To cover its cost and flash populist credentials, Democrats would raise taxes on the richest Americans and big corporations and U.S. firms’ overseas earnings, toughen IRS enforcement and let Medicare negotiate lower pharmaceutical prices.
Democrats say this bill will be fully paid for. But disputes among Democrats and strict calculations by the Congressional Budget Office, lawmakers’ nonpartisan fiscal ledger-keepers, about the amount of revenue they’re actually raising may force them to scale back their spending plans.
FIRST, A BUDGET
To shield the climate and social programs bill from a GOP filibuster, Democrats will need to first pass a budget resolution, which itself cannot be filibustered.
That resolution’s approval is key because it triggers so-called reconciliation procedures, which enhance Congress’ powers to reshape the federal budget. This process guarantees that Republicans won’t be allowed to filibuster the crucial follow-up bill actually providing the money for Democrats’ priorities and specifying which programs and taxes would be changed.
The budget blueprint will also assign congressional committees specific amounts of money to spend, or raise in taxes, as their pieces of Democrats’ $3.5 trillion plan.
Detailed decisions on numbers and policies won’t come until the subsequent bill is drafted, probably months from now. But Democrats have already begun negotiating among themselves so leaders can produce a budget with broad numbers that, they hope, will have enough votes to get the process rolling.
THEN, THE REAL THING
Once Congress passes a budget, it’s crunch time on the next measure — a bill actually providing the money and carving up the $3.5 trillion pie.
Democrats will plunge into prolonged talks, with ideological and regional factions vying over fine print that will determine winners and losers. Demands, threats and general unpleasantness will be common as leaders labor to keep lawmakers from voting “no.”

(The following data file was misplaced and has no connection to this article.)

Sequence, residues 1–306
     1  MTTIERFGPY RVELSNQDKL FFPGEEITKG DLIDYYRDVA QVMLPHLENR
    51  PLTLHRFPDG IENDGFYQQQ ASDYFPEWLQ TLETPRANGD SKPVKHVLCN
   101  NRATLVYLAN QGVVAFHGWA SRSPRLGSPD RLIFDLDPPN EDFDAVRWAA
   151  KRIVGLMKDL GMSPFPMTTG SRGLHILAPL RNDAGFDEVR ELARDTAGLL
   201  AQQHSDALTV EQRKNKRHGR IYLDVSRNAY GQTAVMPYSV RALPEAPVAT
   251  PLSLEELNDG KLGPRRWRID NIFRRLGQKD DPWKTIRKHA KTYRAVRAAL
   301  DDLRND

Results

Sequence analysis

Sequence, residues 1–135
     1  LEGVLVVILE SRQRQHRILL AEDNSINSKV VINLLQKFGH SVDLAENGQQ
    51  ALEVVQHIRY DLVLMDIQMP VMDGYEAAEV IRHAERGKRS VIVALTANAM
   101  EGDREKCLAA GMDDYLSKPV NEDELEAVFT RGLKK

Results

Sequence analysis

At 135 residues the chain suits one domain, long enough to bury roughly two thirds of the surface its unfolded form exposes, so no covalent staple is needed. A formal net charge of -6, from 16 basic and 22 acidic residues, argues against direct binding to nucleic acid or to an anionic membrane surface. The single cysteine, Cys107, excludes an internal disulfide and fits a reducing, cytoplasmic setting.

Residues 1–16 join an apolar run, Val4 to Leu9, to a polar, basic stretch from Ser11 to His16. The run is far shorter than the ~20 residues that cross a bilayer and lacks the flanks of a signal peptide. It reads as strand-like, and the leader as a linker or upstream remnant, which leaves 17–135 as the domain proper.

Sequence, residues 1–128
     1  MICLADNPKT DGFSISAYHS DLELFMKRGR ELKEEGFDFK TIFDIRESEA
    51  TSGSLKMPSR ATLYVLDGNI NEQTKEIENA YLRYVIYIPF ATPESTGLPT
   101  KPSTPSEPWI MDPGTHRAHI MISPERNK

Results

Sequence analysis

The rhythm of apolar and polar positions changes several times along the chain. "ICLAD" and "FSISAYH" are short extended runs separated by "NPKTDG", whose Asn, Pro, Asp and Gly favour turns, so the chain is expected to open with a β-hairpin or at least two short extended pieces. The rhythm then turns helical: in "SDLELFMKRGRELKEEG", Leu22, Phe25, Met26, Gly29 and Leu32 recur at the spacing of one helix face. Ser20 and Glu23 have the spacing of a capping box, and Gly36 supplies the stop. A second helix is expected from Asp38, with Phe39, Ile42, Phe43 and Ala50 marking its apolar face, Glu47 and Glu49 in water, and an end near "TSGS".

The package will need just simple majorities to pass the House and Senate.
By law, the Senate can spend up to 20 hours debating it. After that, senators can, and almost always do, offer unlimited numbers of amendments in a “vote-a-rama” that often runs overnight, producing politically difficult votes and exhaustion.
To pass the behemoth spending bill, every Senate Democrat will need to back it and no more than three House Democrats will be able to defect, assuming uniform Republican opposition.
This means Pelosi and Senate Majority Leader Chuck Schumer, D-N.Y., have hard bargaining ahead with progressives demanding boldness and moderates insistent on limiting the measure’s price tag and tax increases.
With so much at stake, failure would deal a grievously damaging wound to Democrats, including to the legacies of Biden and other leaders like Senate Budget Committee Chair Bernie Sanders, I-Vt.
The impetus to avoid that political blow could in itself help Democrats rally together and succeed, but the pathway is narrow and bumpy.
Alan Fram, The Associated Press